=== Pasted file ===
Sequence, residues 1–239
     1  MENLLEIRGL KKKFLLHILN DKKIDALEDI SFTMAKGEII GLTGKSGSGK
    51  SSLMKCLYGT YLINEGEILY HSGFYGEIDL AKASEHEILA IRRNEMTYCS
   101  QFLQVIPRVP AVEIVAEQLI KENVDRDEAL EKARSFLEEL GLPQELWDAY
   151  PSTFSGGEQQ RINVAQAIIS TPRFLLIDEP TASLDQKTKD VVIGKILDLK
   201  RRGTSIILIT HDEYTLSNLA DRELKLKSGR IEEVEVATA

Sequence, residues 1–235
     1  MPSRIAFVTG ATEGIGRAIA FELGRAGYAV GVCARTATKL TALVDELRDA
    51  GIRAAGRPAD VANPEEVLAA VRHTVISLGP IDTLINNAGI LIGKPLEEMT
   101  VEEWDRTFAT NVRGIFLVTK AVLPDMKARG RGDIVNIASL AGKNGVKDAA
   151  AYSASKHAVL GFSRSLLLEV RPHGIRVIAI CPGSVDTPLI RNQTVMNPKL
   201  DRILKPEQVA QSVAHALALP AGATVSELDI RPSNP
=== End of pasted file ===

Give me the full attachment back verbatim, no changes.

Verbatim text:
Sequence, residues 1–239
     1  MENLLEIRGL KKKFLLHILN DKKIDALEDI SFTMAKGEII GLTGKSGSGK
    51  SSLMKCLYGT YLINEGEILY HSGFYGEIDL AKASEHEILA IRRNEMTYCS
   101  QFLQVIPRVP AVEIVAEQLI KENVDRDEAL EKARSFLEEL GLPQELWDAY
   151  PSTFSGGEQQ RINVAQAIIS TPRFLLIDEP TASLDQKTKD VVIGKILDLK
   201  RRGTSIILIT HDEYTLSNLA DRELKLKSGR IEEVEVATA

Sequence, residues 1–235
     1  MPSRIAFVTG ATEGIGRAIA FELGRAGYAV GVCARTATKL TALVDELRDA
    51  GIRAAGRPAD VANPEEVLAA VRHTVISLGP IDTLINNAGI LIGKPLEEMT
   101  VEEWDRTFAT NVRGIFLVTK AVLPDMKARG RGDIVNIASL AGKNGVKDAA
   151  AYSASKHAVL GFSRSLLLEV RPHGIRVIAI CPGSVDTPLI RNQTVMNPKL
   201  DRILKPEQVA QSVAHALALP AGATVSELDI RPSNP